Government funding has been approved for a new once a day, non-stimulant treatment for behavioural problems in children.
The new drug was not a stimulant and would not be open to the kind of abuse that had been a problem with other drugs used for treating people with attention deficit hyperactivity disorder (ADHD), government drug funding agency Pharmac said today.
The drug, atomoxetine (Strattera), would be funded from April 1 for people with ADHD.
Available under special authority, the drug would be available to people who had not responded to, or who were unable to take, stimulant-type ADHD treatments such as methylphenidate and dexamphetamine.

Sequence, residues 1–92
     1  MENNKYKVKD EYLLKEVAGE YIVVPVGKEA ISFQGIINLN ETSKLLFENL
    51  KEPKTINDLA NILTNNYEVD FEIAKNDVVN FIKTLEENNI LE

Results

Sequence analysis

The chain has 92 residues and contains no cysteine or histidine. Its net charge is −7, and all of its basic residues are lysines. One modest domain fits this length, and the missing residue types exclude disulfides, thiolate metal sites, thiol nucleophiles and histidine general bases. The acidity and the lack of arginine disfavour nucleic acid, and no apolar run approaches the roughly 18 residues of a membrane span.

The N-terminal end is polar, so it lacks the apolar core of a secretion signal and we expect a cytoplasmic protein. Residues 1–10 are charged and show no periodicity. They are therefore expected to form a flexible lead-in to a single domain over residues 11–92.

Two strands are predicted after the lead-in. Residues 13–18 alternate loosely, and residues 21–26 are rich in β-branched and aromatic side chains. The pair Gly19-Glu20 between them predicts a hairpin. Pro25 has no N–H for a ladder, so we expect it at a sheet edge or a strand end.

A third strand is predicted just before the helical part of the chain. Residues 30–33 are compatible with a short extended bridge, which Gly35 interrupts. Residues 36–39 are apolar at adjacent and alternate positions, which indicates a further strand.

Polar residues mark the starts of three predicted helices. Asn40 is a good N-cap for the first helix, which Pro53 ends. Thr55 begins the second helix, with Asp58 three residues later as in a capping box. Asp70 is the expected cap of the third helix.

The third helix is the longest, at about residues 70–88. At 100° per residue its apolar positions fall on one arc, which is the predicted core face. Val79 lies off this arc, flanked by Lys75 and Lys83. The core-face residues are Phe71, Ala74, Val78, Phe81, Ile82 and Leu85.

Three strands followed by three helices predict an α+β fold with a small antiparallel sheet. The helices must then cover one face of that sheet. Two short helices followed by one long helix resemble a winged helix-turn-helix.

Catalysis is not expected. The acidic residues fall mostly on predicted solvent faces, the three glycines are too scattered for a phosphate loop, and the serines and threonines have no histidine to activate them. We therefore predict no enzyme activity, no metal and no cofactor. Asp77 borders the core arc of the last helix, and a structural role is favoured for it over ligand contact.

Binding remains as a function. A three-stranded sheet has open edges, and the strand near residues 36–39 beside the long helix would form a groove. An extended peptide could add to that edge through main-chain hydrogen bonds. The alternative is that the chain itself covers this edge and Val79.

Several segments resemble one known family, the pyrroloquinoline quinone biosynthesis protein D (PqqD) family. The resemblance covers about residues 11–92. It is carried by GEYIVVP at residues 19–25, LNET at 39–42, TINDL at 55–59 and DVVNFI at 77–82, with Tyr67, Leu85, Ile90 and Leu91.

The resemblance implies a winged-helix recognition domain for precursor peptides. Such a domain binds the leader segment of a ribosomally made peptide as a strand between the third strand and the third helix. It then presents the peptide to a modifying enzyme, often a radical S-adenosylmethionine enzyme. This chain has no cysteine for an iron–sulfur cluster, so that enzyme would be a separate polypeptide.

"Atomoxetine is a long-acting treatment for ADHD that has a different therapeutic action than other funded treatments," said pharmac medical director Dr Peter Moodie.
This provided benefits for patients who were not responding to other ADHD treatments.
"To date the ADHD treatments we have funded have all been stimulant-type drugs," Dr Moodie said.
"This means they are classed as controlled drugs, so have to be carefully managed. Unfortunately, it also means those drugs are open to abuse and there have been reports in the past of there being a `black market' trade in ADHD treatments."
Dr Moodie said atomoxetine was a different type of drug, so the risk of it being abused, or given to a person it was not prescribed for was greatly reduced. The fact it was not a controlled drug had benefits for doctors and pharmacists too.
For patients, the drug had the added benefit of only having to be taken once a day.
About 11,000 people are prescribed ADHD treatments.
Dr Moodie said it was difficult to estimate how many of these might be prescribed atomoxetine, however, Pharmac's modelling estimated subsidies for around 900 people after three years.
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